[talks] Friday Feb 22 noon: Ian Buck->John Danskin, nVidia, "GPU Computing"

Adam Finkelstein af at CS.Princeton.EDU
Fri Feb 22 09:49:05 EST 2008

The talk is as planned at noon; however, due to a canceled flight we have
a change of speaker and slight change in emphasis:

Speaker: John Danskin
Title: NVIDIA GeForce 8800 Graphics Processor: development and direction
Time/Place: Today, noon, Computer Science Bldg, room 302

The GeForce 8800 and its derivative architectures are the fastest
available graphics processors. In an architectural departure, they are
significantly more flexible than previouos processors. In this talk Dr.
Danskin will discuss our goals for the 8800, the decision making
process, new architectural features, performance, and some challenges
for the future.  Dr. Danskin is Vice President of GPU Architecture at
NVIDIA, Chief Architect for the GeForce 8800 GPU, and holds a PhD in
Computer Science from Princeton University.

On Wed, Feb 20, 2008 at 10:58 PM, Adam Finkelstein <af at cs.princeton.edu> wrote:
> Talk announcement:
>  Speaker: Ian Buck, nVidia
>  Title: GPU Computing
>  Time/Place: Friday, noon, Computer Science Bldg, room 302
>  Abstract:
>  Many researchers have observed that general purpose computing with
>  programmable graphics hardware (GPUs) has shown promise to solve many of
>  the world's compute intensive problems, many orders of magnitude faster
>  the conventional CPUs. The challenge has been working within the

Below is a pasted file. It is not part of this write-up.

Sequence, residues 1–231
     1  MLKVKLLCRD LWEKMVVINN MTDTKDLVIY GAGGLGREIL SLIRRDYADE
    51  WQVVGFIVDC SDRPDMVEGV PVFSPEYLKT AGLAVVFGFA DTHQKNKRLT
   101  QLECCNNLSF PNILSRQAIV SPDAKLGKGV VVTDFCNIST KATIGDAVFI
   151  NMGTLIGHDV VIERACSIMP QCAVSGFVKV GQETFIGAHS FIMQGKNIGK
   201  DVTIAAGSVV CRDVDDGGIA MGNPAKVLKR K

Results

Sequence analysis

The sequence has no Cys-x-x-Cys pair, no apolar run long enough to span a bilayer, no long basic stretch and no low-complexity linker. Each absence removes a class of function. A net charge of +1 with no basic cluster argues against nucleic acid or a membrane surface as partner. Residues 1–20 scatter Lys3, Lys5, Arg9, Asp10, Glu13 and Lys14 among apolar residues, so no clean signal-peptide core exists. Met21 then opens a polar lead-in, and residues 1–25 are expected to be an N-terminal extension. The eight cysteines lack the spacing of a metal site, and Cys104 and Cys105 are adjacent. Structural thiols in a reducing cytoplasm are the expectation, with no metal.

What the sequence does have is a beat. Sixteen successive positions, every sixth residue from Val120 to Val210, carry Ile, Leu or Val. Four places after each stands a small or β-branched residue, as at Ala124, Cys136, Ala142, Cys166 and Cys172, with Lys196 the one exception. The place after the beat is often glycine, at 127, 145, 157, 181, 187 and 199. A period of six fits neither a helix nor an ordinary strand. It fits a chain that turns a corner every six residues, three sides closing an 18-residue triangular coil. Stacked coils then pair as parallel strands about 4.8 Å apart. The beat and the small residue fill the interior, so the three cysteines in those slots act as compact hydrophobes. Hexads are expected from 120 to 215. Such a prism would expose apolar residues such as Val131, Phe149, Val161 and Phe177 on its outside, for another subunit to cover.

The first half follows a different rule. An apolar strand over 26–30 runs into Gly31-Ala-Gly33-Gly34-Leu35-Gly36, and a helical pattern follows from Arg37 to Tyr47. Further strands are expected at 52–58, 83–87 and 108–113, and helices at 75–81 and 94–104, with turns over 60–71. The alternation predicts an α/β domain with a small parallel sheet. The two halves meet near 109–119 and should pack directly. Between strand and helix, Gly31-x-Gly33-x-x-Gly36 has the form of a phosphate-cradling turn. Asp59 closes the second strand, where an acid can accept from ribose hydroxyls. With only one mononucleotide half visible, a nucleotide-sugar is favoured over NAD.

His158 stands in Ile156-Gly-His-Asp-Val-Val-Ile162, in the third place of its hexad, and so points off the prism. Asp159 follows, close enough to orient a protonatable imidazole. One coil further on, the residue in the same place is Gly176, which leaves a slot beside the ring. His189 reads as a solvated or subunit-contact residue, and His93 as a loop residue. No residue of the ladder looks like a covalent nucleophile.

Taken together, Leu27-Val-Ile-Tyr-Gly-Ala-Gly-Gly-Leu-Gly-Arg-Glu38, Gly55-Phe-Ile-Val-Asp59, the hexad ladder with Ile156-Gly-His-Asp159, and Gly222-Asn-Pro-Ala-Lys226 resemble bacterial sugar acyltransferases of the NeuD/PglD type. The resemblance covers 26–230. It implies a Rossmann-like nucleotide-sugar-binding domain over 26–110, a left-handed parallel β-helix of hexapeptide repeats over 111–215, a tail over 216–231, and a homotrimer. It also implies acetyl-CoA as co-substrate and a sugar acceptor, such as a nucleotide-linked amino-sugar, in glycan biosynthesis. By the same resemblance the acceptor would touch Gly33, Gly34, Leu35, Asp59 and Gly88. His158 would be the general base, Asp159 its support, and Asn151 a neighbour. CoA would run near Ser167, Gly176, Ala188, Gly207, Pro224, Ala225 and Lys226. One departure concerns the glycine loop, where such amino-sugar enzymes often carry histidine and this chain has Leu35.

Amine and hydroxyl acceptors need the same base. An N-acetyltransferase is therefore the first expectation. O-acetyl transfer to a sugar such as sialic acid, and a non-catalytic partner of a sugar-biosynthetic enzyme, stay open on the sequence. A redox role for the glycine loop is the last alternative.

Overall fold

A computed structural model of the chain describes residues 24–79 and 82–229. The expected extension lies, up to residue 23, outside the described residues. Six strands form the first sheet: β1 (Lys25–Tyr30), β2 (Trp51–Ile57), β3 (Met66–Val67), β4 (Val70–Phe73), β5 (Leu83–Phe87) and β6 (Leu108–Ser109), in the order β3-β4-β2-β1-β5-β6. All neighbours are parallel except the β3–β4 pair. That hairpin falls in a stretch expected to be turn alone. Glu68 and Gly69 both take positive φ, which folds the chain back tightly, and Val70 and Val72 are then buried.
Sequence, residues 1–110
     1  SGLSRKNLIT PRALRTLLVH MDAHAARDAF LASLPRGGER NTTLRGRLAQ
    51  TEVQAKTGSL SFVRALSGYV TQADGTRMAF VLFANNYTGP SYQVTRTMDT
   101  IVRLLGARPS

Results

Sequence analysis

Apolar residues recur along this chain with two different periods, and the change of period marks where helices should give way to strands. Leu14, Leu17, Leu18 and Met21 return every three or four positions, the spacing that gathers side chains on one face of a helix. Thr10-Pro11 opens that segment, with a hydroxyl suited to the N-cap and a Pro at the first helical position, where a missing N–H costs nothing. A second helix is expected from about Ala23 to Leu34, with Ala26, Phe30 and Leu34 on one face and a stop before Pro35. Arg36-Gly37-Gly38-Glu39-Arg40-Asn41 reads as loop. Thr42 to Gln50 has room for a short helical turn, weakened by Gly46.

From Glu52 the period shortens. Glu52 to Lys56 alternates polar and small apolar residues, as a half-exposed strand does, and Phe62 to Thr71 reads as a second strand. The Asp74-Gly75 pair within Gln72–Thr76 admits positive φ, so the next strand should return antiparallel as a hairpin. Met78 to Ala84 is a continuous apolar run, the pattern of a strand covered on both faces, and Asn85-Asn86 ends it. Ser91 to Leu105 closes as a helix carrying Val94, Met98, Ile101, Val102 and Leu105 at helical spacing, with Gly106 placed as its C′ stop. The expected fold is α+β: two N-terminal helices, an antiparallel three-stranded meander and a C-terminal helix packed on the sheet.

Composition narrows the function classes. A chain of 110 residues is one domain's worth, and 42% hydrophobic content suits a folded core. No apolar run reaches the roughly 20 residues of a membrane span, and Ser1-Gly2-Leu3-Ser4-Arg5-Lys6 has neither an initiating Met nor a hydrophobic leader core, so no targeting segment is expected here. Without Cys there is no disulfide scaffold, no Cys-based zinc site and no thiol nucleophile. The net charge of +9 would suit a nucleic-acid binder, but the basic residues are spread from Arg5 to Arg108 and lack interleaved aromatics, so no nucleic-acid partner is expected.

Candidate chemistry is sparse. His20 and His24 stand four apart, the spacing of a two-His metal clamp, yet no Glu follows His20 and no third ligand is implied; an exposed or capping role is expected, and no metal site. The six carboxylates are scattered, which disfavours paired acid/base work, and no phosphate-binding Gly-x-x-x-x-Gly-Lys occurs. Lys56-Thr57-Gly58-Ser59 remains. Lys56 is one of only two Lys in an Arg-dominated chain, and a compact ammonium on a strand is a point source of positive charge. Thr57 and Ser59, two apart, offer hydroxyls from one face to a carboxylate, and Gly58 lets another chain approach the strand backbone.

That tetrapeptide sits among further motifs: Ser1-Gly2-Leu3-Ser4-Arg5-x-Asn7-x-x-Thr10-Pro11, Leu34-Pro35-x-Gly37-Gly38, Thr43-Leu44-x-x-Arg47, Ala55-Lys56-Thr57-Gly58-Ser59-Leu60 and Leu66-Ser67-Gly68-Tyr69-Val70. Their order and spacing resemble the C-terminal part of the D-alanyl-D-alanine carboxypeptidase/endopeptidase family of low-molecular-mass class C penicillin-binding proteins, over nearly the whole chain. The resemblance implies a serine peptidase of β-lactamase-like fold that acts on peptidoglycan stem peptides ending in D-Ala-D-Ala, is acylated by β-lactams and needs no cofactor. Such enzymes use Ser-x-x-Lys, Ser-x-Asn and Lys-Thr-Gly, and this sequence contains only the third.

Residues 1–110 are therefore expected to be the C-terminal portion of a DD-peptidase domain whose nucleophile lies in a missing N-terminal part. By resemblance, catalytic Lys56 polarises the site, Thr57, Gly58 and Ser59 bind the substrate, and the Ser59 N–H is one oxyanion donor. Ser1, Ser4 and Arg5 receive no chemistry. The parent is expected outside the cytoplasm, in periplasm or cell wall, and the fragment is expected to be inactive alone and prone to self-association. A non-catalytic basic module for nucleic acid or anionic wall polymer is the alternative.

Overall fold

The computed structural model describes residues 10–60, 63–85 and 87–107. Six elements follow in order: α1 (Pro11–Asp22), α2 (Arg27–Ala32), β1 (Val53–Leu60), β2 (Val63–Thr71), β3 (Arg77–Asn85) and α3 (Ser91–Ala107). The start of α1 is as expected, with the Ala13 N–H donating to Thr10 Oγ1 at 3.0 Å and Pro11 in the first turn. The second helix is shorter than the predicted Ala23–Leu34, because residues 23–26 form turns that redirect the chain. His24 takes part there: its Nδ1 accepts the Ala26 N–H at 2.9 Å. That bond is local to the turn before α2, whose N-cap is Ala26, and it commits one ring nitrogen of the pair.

>  constraints of a graphics programming environment to leverage this huge
>  performance potential. GPU computing with CUDA is a new approach to
>  computing where hundreds of on-chip processor cores simultaneously
>  communicate and cooperate to solve complex computing problems,
>  transforming the GPU into a massively parallel processor. The NVIDIA
>  C-compiler for the GPU provides a complete development environment gives
>  developers the tools they need to solve new problems in
>  computation-intensive applications such as product design, data
>  analysis, technical computing, and game physics. In this talk, I will
>  provide a brief history of computing with GPUs, how CUDA can solve
>  compute intensive problems, and where GPU computing will be going in the
>  future.
>  Bio:
>  Ian Buck completed his Ph.D. at the Stanford Graphics Lab in 2004. His
>  thesis was titled "Stream Computing on Graphics Hardware," researching
>  programming models and computing strategies for using graphics hardware
>  as a general purpose computing platform. His work included developing
>  the "Brook" software toolchain for abstracting the GPU as a general
>  purpose streaming coprocessor.  Ian received is B.S.E from Princeton and
>  was a proud member of the Princeton CS Graphics Group.  He currently
>  works for NVIDIA as the GPU-Compute software manager.

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